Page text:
• seperator

Metal prices affect common dates

GoldSilverBarsVertWhat is the true impact of the spot price of precious metals on the value of our previously circulating silver and gold coins?

A majority of the circulation strike gold and silver coins are common, due either to their date and mintmark, or due to the condition in which they have survived. Most of these coins will follow the spot price of their metal composition, possibly having some minor additional collector value. Coins that are scarce to rare due to their mintages, or the condition in which they have survived, are impacted as well, but not as much.

 

Does the spot price of copper impact the value of Wheat pennies?

It is illegal to melt Wheat reverse cents, a Treasury melting ban stops the possible scrapping of these coins for their copper value. The price of copper will impact them when these coins are traded in large quantities in sealed bags, being treated as a commodity. Common Wheat reverse cents have been purchased by coin dealers at two to three times their face value for years regardless of the spot price of copper.

 

Why is the mintage of the 1921 Morgan silver dollar so much higher than of previous issues?

The 1918 Pittman Act authorized the melting of up to 350 million existing silver dollars, the recovered silver to be sold to Great Britain. Germany had convinced citizens of British India that British bank notes could not be redeemed in silver, which in turn led to a run on the silver stockpiles. The United States was helping replenish British silver reserves through this act. The Pittman Act also authorized the minting of new silver dollars to replace those that had been destroyed. The logic was “for the purpose of conserving the existing stock of gold in the United States, of providing silver for subsidiary coinage and for commercial use.” In the event, 270 million silver dollars were melted and in 1921, a good start was made in replacing them. This goal was achieved in 1927.

 

What was the reason the United States decided to depict Liberty seated rather than standing, or simply presented from the bust upward on our silver coins throughout much of the 19th century?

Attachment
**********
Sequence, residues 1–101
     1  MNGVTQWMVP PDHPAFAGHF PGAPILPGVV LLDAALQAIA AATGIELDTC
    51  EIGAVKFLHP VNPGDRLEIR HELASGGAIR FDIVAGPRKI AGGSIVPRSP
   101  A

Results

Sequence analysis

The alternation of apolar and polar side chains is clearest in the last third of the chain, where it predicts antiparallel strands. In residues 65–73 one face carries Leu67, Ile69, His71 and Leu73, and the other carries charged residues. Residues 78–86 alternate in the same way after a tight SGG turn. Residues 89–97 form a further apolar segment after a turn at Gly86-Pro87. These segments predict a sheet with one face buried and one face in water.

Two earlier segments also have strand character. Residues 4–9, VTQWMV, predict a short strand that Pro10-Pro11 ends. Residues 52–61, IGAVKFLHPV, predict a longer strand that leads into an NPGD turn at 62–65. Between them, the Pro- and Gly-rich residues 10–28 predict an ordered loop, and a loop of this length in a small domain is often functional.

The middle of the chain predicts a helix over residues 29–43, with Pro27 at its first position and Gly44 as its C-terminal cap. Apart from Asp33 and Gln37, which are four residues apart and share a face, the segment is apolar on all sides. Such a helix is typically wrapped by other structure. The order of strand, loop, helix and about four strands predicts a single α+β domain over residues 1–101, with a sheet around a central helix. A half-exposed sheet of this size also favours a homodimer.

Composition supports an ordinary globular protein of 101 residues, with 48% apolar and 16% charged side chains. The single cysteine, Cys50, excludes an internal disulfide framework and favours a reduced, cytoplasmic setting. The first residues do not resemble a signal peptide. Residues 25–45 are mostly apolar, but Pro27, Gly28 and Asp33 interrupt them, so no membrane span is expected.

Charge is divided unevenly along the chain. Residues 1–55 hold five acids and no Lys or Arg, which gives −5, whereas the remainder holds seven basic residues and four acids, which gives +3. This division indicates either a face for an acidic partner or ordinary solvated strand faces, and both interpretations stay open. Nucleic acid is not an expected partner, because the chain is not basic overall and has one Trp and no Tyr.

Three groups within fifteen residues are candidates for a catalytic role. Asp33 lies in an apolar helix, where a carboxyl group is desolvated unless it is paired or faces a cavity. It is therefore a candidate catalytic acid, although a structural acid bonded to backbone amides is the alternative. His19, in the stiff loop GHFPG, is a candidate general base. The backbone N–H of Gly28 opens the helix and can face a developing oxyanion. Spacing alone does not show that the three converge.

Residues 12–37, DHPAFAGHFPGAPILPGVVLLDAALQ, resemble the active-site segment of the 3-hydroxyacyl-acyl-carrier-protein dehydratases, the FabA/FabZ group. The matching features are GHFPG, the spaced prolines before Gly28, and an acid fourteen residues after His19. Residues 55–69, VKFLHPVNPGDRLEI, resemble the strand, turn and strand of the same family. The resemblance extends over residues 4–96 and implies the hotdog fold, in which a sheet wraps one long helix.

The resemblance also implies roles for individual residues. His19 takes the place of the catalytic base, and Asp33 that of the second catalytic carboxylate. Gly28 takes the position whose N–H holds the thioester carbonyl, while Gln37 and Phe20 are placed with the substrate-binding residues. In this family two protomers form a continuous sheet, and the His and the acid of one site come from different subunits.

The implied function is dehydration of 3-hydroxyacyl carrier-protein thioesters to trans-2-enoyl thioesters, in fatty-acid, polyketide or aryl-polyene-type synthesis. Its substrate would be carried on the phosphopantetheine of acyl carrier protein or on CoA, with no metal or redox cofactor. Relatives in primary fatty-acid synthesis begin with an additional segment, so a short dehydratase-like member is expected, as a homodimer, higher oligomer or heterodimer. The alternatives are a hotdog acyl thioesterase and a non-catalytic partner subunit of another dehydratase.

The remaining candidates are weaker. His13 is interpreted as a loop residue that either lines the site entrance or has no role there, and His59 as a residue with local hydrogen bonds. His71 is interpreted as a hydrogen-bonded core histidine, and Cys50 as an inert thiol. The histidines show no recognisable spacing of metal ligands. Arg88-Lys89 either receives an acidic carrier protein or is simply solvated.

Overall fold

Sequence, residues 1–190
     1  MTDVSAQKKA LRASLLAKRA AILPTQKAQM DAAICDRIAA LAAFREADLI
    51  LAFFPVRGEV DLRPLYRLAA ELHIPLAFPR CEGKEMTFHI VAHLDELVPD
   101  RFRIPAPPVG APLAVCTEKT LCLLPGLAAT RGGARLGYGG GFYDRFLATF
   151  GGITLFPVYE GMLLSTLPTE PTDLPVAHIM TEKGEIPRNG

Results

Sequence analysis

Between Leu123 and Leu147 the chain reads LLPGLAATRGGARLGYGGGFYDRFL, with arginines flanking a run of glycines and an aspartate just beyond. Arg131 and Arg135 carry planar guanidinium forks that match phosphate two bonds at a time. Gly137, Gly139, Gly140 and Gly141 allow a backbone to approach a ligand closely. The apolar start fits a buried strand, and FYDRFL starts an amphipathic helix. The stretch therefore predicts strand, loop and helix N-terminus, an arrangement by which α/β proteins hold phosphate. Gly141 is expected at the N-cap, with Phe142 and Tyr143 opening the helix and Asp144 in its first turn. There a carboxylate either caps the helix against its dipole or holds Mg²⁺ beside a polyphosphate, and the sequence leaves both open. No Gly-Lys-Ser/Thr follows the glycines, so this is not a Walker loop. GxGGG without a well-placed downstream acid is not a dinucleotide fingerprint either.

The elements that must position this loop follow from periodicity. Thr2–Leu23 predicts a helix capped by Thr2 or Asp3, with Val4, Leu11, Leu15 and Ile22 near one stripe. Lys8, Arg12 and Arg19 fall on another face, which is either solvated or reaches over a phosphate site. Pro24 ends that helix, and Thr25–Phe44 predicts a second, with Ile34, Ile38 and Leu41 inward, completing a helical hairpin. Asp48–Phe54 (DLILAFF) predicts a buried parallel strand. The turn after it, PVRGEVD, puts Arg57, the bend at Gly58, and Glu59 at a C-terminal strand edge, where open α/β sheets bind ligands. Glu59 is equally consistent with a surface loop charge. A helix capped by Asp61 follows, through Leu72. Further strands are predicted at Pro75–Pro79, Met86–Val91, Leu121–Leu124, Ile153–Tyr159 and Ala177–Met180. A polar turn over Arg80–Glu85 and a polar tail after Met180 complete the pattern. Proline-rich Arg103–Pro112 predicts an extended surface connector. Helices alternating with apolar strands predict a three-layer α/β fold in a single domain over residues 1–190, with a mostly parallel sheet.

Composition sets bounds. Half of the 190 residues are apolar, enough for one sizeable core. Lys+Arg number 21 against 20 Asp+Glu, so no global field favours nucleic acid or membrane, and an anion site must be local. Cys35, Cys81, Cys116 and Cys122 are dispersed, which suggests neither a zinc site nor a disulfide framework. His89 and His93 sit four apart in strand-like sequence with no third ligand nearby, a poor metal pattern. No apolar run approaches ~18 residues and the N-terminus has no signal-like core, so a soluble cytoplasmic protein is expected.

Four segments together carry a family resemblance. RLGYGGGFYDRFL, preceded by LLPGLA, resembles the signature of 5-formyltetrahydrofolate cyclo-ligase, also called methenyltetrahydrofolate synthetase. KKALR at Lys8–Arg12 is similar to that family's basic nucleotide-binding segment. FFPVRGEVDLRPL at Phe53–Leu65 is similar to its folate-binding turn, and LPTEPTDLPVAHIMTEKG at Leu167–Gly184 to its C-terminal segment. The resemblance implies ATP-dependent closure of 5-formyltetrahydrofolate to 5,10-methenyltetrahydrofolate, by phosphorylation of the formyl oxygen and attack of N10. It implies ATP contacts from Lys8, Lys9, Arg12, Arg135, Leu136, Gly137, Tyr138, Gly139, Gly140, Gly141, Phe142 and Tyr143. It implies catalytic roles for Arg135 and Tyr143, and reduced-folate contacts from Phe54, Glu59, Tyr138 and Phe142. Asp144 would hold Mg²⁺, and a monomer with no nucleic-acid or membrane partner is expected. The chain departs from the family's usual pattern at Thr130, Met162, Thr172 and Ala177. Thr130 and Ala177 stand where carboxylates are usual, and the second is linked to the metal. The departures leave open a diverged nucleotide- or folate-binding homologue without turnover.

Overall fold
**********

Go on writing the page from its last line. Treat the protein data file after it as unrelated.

Mint Director Robert M. Patterson proposed that artist Thomas Sully create a new obverse coin design involving Liberty seated on a boulder while holding a liberty pole with pileus on top. Christian Gobrecht would execute the design following his promotion to be the Mint’s chief engraver. It is possible Liberty Seated as designed by Gobrecht may resemble marble statues dating from ancient Roman times. The design is neoclassical.

 

Why were two wheat ears selected as the reverse design for the Lincoln cent through 1958?

Victor D. Brenner initially submitted a reverse design of a tree branch, which he acknowledged was similar in design to the design on the then current silver coins of France. Mint Director Frank A. Leach determined the reverse design to be unsuitable. Brenner submitted his initial designs on Jan. 18, 1909. The reverse with two ears of durum wheat was unveiled on Feb. 17.

 

With only a few exceptions the year in which our coins are minted can be identified on the coin. Why don’t the dates on our bank notes change annually?

The only reason I could find is tradition. Just about all bank notes worldwide carry the date a major design change took place, with minor modifications including changes in whose signature appears on these notes being identified by changing a suffix letter on the year of the series.

 

Does the United States Mint produce the blanks from which the five-ounce America the Beautiful coins are struck?

The privately owned Sunshine Minting Inc. in Coeur d’Alene, Idaho, provides the silver planchets from which these coins are made. Sunshine processes silver, gold and other metals.

 

E-mail inquiries only. Do not send letters in the mail. Send to Giedroyc@Bright.net. Because of space limitations, we are unable to publish all questions.

 

This article was originally printed in Numismatic News. >> Subscribe today.

 

More Collecting Resources

• The 1800s were a time of change for many, including in coin production. See how coin designs grew during the time period in the Standard Catalog of World Coins, 1801-1900 .

• With over 22,000 listings and 13,750 illustrations, the Standard Catalog of World Paper Money, Modern Issues is your go-to guide for modern bank notes.

This entry was posted in Articles, Coin Clinic, Features. Bookmark the permalink.

Leave a Reply